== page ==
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Petitions sent out for Wyoming property tax initiative

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Chris Woodward

(The Center Square) – Petitions for an initiative to lower property taxes in Wyoming are on their way to supporters, the Wyoming secretary of state's office said this week.

Once supporters receive the petitions for the measure, which was certified last month, they can start collecting signatures from registered voters across the state.

The “People’s Initiative to Limit Property Tax in Wyoming through a Homeowner’s Exemption” proposes cutting the state's property taxes in half.

“The people’s right to propose and enact laws by initiative to address fundamental issues, such as property tax limits, is pivotal to our state,” Secretary of State Chuck Gray said in a press release. “At the Secretary of State’s Office, we take our role in the initiative process very seriously, and will work diligently to ensure the ‘People’s Initiative to Limit Property Tax in Wyoming through a Homeowner’s Exemption’ is processed efficiently and in accordance with Wyoming law.”

Jared Walczak, vice president of state projects for the Washington, D.C.-based Tax Foundation, warned that “slashing local property taxes by 50 percent with no revenue alternatives and no plan for offsetting spending cuts is reckless and unrealistic,” particularly in a state such as Wyoming, which Walczak says has some of the lowest property tax burdens in the country.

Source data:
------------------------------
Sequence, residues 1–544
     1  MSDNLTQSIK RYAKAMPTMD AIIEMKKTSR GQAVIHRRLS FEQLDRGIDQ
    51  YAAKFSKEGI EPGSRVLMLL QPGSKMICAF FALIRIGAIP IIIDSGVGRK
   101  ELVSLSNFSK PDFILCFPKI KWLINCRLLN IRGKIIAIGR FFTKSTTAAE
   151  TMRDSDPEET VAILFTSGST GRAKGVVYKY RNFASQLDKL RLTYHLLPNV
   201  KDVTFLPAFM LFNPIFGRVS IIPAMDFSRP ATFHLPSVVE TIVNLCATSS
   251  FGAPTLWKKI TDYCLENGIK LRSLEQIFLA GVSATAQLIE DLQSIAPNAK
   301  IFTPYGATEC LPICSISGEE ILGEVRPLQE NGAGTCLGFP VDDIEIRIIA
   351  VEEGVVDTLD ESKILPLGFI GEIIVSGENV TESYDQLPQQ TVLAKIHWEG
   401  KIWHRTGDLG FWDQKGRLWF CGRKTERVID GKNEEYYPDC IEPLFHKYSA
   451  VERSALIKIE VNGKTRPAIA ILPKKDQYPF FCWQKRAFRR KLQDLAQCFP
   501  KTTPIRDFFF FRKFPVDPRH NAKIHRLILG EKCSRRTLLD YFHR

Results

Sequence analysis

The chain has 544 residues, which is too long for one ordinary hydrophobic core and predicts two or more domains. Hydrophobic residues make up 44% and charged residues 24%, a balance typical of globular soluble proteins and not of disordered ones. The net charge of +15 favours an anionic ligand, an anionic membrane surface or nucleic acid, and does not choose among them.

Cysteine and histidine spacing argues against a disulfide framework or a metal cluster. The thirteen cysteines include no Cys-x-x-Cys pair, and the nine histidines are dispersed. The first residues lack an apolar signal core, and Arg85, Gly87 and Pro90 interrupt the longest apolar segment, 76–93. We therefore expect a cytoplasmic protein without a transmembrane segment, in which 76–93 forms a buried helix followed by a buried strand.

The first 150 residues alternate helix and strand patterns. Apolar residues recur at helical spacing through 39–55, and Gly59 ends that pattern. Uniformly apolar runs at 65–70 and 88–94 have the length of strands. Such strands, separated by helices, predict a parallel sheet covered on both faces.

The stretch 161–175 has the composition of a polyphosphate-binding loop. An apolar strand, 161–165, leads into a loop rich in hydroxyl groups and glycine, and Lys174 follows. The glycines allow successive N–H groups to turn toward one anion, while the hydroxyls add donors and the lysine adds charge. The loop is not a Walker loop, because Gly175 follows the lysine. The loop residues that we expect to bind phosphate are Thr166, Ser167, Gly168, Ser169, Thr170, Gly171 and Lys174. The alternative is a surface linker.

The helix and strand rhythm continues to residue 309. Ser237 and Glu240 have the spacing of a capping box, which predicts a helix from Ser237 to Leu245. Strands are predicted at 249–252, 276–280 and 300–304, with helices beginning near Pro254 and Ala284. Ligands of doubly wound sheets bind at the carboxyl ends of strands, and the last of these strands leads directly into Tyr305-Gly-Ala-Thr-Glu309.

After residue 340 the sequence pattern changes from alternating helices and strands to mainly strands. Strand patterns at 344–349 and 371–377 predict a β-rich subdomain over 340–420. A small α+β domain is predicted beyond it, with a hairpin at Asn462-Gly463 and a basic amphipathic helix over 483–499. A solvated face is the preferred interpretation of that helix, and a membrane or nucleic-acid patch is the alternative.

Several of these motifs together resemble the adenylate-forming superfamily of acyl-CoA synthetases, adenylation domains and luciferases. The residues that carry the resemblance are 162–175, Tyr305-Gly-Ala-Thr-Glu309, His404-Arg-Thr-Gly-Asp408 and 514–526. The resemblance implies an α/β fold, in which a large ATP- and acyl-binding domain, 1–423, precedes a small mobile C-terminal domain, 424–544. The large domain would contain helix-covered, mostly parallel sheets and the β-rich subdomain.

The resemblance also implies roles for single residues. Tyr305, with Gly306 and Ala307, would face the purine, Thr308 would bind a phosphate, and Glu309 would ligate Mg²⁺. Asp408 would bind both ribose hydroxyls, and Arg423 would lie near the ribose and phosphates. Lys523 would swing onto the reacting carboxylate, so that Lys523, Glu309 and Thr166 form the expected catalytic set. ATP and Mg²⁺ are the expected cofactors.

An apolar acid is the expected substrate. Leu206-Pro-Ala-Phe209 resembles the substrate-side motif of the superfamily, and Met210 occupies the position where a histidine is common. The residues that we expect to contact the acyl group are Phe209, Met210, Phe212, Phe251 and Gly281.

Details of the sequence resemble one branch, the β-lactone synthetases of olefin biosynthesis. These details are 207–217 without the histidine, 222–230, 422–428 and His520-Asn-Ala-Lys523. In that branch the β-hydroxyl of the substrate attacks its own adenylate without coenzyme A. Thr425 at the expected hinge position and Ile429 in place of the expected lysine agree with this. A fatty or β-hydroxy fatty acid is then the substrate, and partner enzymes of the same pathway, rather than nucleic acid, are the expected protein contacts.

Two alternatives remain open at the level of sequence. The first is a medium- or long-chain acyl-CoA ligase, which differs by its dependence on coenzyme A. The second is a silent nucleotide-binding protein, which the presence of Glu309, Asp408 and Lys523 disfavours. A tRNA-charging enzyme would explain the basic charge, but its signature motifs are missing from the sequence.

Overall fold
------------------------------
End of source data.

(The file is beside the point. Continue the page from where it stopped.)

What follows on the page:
Wyoming's "property taxes paid as a percentage of owner-occupied housing value" is 0.56 percent, according to the Tax Foundation, which ranks No. 47 in the country.

“Homeowners are understandably upset that soaring property values have led to spikes in property tax liability, and there may be room for some jurisdictions to reduce rates in response, but exempting half of the home value from the property tax is not the way to do it,” Walczak said. “The adoption of such a policy could imperil Wyoming's status as a no-income-tax state because it would create a local revenue crunch that state policymakers may eventually feel pressure to backfill, even as the state projects a long-run decline in tax revenue from oil, gas, and mining.” 

While Wyoming's overall tax burden is light, Walczak said taxes are heavily concentrated on businesses, and a 50 percent exemption for homesteads would shift even more taxes to commercial entities, even absent the creation of any new taxes to offset the revenue losses.

“Property taxes on land and structures create fewer economic distortions than almost any other tax, so carving up the property tax base puts pressure on more economically harmful sources of revenue,” Walczak said.